12. I've been moved to write this after casting my eye over the latest issue of sporting gun magazine. I would be interested to know others thoughts on the following. I have been an occasional reader of shooting magazines since I was old enough to understand them, firstly second hand copies of shooting times when father had finished with them, then on to airgunner, and more recently all sorts of titles. Generally, if people can't think of what to buy me for birthdays, they will get me a shooting or motoring magazine subscription. Some are better than others, but regardless of the title, I begun to notice a trend a fair few years ago which seems to be accelerating as time goes on. So what is this all about? Get to the damn point. It began when pro steel shot articles first appeared, often as advertorials or obvious puff pieces. Nothing wrong in that, manufacturers need to raise awareness of new products and as shooters we are normally eager to give innovations a go. But over time, gushing pro steel morphed into anti lead, the writer going to pains to empathise the damaging effects of lead and all the benefits of its (now evidently) chosen successor. I can't remember similar articles extolling the virtues of bismuth or tin (please correct me if I'm wrong). On another subject, articles bashing driven game shooting appear to have become deur rigeur in recent years. It was first noticeable to me when articles on raptor persecution were featured rather heavily, almost condemning accused gamekeepers without fair trial. Then questions were raised about bag sizes, tarring all the big commercial shoots with the same brush and inferring slaughter on an industrial scale. Then it was how high is too high?, then the ethics of releasing game, and now to the latest line of attack, about how simulated game is better than the 'real thing'. Taken in isolation, it is absolutely right that all of these aspects are explored and debated, and I think as a sport there are uncomfortable facts we need to confront. But this should be done in the open, and fairly. Not like some cold War era psyop designed to alter our thinking subliminally in a drip... drip... fashion, as it seems to me is the way our august publications seem to be going about it. Are we being subtly (or maybe not so much) guided into a way of thinking and acting, being prepared for a future that has already been chosen for us? (see the lead shot phasing out for further details). Years of pro steel/anti lead propaganda in media, then all of a sudden our representative bodies decide to abandon lead shot. Now that the future of lead has apparently now been decided, is it the turn of game shooting to follow the same fate? Are we being conditioned to accept a time when gameshooting is openly derided by shooters, like lead shot is now? Maybe I've got too much time on my hands as a result of covid-19 curtailing my freedoms, and the conspiracy nut in me is coming to the fore. As I have said above, what does everyone else think? As an aside, but in a related fashion, did anyone else read the article in last months sporting gun by Mark Avery? Why bother giving an avowed enemy of country sports a two page spread in a shooting magazine? He will hardly persuade anyone over to his way of thinking like that as his views and that of wild justice are already well known. It seemed a very odd feature to me and I waited to see if any letters to the editor mentioned it, but there was nothing printed. Might as well put a centre page of a great big juicy T bone steak in the next copy of vegan monthly. Many thanks for reading.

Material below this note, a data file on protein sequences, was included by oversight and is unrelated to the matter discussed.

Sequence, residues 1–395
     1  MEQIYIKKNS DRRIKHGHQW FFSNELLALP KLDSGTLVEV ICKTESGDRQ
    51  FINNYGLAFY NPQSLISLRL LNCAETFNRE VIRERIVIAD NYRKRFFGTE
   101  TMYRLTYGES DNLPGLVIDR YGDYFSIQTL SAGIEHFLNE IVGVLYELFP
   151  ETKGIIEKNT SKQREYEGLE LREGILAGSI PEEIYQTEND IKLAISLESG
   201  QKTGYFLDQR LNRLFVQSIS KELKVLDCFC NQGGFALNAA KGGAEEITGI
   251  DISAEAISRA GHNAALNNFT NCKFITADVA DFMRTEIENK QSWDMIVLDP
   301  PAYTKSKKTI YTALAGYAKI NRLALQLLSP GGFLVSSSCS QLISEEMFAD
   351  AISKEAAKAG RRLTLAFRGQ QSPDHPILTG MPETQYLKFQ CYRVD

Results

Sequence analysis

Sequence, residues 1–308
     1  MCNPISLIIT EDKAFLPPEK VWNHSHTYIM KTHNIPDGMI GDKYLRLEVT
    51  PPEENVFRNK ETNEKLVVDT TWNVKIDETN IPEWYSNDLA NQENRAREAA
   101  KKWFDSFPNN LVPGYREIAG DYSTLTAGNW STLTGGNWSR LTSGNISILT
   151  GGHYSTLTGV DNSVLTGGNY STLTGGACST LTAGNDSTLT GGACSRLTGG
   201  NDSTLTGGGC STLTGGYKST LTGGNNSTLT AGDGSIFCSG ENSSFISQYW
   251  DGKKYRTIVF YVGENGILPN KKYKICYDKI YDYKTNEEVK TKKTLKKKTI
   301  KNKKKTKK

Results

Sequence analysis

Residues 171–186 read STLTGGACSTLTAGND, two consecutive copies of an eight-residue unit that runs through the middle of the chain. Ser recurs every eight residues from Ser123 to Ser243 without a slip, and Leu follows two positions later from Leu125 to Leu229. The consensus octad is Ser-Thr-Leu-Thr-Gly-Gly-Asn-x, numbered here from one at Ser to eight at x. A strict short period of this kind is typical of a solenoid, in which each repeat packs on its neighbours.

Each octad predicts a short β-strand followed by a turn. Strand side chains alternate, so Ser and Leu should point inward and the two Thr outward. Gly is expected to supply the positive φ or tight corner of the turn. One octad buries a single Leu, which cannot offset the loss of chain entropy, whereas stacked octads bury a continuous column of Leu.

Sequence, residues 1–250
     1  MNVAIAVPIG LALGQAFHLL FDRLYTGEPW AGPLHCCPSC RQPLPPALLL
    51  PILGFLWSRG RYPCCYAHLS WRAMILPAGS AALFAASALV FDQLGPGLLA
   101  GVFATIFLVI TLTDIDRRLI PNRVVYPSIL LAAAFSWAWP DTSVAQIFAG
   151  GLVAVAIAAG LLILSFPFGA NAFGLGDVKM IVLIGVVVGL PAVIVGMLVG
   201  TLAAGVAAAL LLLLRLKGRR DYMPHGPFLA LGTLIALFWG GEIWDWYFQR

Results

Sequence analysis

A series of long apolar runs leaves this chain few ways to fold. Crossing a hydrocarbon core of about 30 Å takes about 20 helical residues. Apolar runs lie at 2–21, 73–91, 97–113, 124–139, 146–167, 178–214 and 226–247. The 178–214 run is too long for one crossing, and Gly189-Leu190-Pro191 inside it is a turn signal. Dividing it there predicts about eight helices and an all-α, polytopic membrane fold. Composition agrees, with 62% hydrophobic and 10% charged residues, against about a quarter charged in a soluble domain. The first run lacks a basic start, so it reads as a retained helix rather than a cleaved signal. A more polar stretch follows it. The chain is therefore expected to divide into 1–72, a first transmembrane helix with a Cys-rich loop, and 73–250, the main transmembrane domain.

13. I have a pair of 8x42 Barr and stroud. I think they were around £80. Good clear image and rugged enough. I would highly recommend them.
  14. adzyvilla

    Emigrating

    Mum emigrated to Canada (Scarborough, ontario), in 1967 with her then husband. They both worked for David brown tractors then, he a draftsman, she a typist. In those days, Canada was crying out for skilled workers and had very few requirements for residence. They loved it, big house in the suburbs, lots of brits already out there, great social life. My sisters were born there in 69. Mum fondly remembers everyone having a swimming pool that was frozen solid for 5 months of the year, and the midges when it was warmer. Then her husband got cancer and died in 1971. Mum was left with 2 toddlers. Her sister came out to help for a year, but they agreed it wouldn't work so she had to return to England. Mum then met my dad in 74, so I guess lucky for me things worked out how they did. But without the family support network if things go wrong, it's a very difficult thing to do. My sister found that out the hard way. Both my sisters are dual passport holders due to being born there, and one of them has emigrated twice, first in 97 to Toronto (lasted a year), lost her job and couldn't find another, and second time to vancouver (18 months), got homesick and had a breakdown. More recently, a colleague, very experienced in his industry went out to North Island, nz to a similar job role (but not quite the same). Sold his house here, all his family ready to move. He went first, family set to follow a few months later after the house sale completed his wife changed her mind and didn't want to go. The job over there wasn't quite what he thought either. He went through hell, lost a lot of money and had to return to the UK and beg for his old job back. Luckily the boss is a good egg and he is back with us, but he discovered that these things aren't as straight forward as it seems.
  15. Dad had one in the 70s. Was hit head on by a drunk driver in a rover p6 at about 40mph. Dad walked away with only minor injuries, and the car was still drivable (although he decided against it). The rover was totalled and the driver seriously injured. Built like little tanks, and he always said had he been in an escort or similar, he probably wouldn't be here now.